With a clear and meaningful purpose, however, this day can be transformed into a beautiful and lasting treasure. Instead of a day that will soon be forgotten, you can make it into a day that will always be remembered.
A purpose for this day will give you your very own pathway for accomplishment. A purpose for this day will help you to move past the meaningless distractions and to recover quickly from the painful setbacks.
This day is a unique moment in time. Make the most of it by focusing its special beauty and value in a meaningful and positive direction.
Give this day a purpose, and you give your life a lasting gift. Give this day a purpose, and you can add real value to your world.”

I am all for giving value and purpose to the day or even time per say. To wander around mindlessly just doesn’t make any kind of sense to me at all.  I know and understand that there are days that should be written off due to lack of interest, but those should be far a few between and the exception rather than the rule.

For me, each day has a goal or at least one thing that needs to be achieved, even if the goal is to be a lounge lizard for the day.

So, plan your day, make short term goals and strive to achieve them, that way you will ensure that your day has a purpose and meaning.

Nikki is an Internal Auditor and Business Administration Specialist who can be contacted on 083 702 8849 or nikki@viljoenconsulting.co.za



Friday, April 01, 2016

HR 101 - UIF (Unemployment Fund) - Part 2

HR 101 - UIF (Unemployment Fund) – Part 2

By Nikki Viljoen of Viljoen Consulting CC July 2010

This pertains to South African Labour requirements only

Last time we looked at the “what can” be claimed from UIF and this week we will have a look at the “how to claim” in terms of the benefits.

So, how do you, as an employee claim benefits from the Unemployment Insurance Fund (UIF)?

Firstly you would have to physically go to your nearest Labour office and there you will be required to sign the unemployment register.  Be warned though it is a slow, tedious procedure and I would suggest that you take a book along with you as you could be in the queue for several hours, just to get to the help desk.  You will need to sign the register again every four weeks to evidence that you are still in need  of the unemployment benefits and you will be told when the next date is that you are required to return.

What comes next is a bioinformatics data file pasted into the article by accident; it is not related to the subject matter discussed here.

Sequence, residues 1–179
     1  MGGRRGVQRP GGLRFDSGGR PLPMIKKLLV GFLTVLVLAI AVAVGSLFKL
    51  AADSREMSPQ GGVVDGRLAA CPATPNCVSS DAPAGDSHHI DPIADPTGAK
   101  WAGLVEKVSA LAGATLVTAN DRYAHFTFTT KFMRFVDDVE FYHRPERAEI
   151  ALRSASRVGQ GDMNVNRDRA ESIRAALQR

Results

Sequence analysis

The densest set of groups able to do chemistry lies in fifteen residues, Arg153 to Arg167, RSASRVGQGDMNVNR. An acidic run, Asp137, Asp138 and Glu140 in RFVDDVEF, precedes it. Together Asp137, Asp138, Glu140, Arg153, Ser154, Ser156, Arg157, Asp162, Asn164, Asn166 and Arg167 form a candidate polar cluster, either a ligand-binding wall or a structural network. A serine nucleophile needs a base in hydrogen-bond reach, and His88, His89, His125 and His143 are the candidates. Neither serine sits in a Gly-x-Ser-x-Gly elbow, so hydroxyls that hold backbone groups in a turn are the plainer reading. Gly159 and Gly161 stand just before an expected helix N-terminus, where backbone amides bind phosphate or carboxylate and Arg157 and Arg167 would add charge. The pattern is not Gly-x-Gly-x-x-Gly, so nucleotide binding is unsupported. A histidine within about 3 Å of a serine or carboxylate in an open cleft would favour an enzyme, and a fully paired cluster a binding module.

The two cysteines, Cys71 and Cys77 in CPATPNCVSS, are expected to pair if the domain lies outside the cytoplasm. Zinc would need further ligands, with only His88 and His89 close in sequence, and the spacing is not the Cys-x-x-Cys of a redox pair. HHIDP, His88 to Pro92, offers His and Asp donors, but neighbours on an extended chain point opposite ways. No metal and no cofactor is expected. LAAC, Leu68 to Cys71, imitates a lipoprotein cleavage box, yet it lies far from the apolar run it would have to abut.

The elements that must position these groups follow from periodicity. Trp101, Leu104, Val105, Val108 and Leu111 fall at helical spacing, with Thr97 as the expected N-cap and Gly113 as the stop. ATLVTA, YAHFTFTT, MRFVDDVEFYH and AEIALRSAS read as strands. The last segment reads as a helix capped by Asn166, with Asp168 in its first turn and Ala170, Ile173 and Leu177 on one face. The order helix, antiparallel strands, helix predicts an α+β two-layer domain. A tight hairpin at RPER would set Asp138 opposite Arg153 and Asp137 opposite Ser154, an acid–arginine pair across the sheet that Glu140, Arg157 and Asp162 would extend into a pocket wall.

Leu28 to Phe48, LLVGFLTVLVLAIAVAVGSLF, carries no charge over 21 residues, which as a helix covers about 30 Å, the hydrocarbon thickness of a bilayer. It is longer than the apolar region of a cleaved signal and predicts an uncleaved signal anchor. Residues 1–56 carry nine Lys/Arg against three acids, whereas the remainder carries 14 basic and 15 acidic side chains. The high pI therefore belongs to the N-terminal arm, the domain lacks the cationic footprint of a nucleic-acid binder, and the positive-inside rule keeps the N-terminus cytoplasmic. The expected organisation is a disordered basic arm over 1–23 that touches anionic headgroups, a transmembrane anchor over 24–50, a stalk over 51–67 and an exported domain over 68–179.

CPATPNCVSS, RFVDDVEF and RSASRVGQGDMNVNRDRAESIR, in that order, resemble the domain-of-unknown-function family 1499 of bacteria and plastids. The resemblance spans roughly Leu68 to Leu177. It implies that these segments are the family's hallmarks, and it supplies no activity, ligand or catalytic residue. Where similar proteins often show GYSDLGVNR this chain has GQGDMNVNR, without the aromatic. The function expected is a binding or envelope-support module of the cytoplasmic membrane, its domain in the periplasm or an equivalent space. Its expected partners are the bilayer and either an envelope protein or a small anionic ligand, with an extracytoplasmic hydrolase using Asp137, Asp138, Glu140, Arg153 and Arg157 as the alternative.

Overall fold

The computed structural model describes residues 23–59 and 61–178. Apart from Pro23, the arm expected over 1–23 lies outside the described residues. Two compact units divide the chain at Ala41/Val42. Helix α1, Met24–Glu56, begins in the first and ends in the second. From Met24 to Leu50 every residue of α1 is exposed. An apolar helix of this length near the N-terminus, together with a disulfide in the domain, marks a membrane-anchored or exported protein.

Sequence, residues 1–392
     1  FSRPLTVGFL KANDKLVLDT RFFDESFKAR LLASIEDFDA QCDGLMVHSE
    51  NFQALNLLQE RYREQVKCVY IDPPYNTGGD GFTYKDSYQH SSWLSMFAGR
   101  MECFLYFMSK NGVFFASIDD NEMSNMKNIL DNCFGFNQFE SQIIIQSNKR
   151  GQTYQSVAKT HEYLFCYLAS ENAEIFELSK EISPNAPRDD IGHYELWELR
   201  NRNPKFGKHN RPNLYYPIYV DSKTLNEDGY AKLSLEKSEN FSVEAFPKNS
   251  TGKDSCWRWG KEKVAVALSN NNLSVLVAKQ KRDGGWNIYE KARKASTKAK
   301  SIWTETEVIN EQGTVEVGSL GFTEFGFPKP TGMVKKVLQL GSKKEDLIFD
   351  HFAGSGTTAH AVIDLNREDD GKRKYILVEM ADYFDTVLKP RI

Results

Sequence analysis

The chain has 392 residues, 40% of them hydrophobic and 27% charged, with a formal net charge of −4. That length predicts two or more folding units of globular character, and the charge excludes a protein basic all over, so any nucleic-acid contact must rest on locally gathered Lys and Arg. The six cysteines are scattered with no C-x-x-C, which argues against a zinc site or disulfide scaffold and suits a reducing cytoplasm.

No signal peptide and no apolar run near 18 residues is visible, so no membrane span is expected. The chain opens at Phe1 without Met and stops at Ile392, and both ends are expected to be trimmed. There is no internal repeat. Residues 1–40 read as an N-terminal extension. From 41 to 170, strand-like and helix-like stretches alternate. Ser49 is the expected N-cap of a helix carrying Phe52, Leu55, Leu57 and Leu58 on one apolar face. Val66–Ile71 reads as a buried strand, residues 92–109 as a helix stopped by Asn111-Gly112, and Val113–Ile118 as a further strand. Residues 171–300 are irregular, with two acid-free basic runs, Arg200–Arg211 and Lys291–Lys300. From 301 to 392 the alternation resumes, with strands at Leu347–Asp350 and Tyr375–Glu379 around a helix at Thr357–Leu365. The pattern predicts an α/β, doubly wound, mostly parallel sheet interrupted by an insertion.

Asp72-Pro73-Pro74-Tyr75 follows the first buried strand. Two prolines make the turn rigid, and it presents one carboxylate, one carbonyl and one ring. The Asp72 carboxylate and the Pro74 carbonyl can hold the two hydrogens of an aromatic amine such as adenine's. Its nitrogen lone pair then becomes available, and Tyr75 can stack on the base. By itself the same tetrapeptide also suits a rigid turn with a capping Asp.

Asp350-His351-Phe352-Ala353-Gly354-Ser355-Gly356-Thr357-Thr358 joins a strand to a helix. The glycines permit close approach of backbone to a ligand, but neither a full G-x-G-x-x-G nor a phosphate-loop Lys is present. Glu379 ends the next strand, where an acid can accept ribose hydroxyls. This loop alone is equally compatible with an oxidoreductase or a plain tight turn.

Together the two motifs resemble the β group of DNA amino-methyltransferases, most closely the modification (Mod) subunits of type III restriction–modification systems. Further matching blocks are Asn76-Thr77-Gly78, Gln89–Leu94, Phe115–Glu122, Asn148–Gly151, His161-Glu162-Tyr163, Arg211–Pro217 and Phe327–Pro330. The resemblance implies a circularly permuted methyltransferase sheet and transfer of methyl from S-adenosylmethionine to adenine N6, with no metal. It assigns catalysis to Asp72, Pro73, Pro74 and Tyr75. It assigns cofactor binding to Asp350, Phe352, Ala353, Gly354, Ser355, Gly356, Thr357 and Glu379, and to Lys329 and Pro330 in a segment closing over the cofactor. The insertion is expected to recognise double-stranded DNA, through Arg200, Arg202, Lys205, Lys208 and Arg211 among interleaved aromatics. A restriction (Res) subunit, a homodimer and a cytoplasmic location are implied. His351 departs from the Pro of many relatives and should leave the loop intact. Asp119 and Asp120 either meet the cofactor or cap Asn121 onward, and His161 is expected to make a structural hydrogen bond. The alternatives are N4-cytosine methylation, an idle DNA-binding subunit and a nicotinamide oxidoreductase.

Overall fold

If you are wanting to claim the ‘sick’ benefits you will need to take your doctors certificate with you each and every time that you go to sign.

You will be given a white card (or a card of some sort) that you need to take with you, each time you go to the Labour offices and the UIF officer that is dealing with you will sign the card evidencing that you have in fact been to the office.

If you have met all the requirements, you should start receiving your money after eight weeks (from the time that you originally signed) and thereafter every four weeks until such time as your benefits have been used up.

You will receive paperwork every time you receive a benefit which will have the amount that you have received recorded on it as well as what you can still expect to receive.

You will need to take the following documentation with you when you go to register for benefits:

- A copy of your 13 digit bar coded identity document – your drivers licence is insufficient as it often only records your initials and not your full names.
- Copies of your last 6 payslips
- Form UI19 – this you must get from your employers as it will confirm, amongst other things, the amount of time that you were employed as well as the rate of earnings etc.
- A certificate of service from your employer
- Proof of registration as a work seeker (so that means confirmation from where-ever you have registered i.e. employment agencies etc., showing that you are in fact trying to find work).
- A Fully completed registration form – which you can get off the Department of Labour’s website or that you will be issued with when you go to the Labour Office.

Be warned though, the UIF official may ask you to do some things that you will have to be prepared to do – these are (but not limited to):
- Go for training and/or career counselling
- Be available for work.  If the official offers you work, you have to be ready to accept it.
- Go to various companies to ask for work.  If you are requested to do this, you will be given a form that will have to be signed by a person at the company that you visited to evidence that you did apply for work but that there were no jobs available at that time.

You have to collect your unemployment benefits from the Labour Centre (or if possible they may decide to make the payments electronically into your bank account) and they can only be collected on the date that they tell you come to the offices and they can only be collected by yourself and you must take your white card and your ID document.

Next time we will have a look at the “how to” collect your illness benefits and maternity benefits and depending upon the availability of space, the death benefits too.

Nikki is an Internal Auditor and Business Administration Specialist who can be contacted on 083 702 8849 or nikki@viljoenconsulting.co.za or http://www.viljoenconsulting.co.za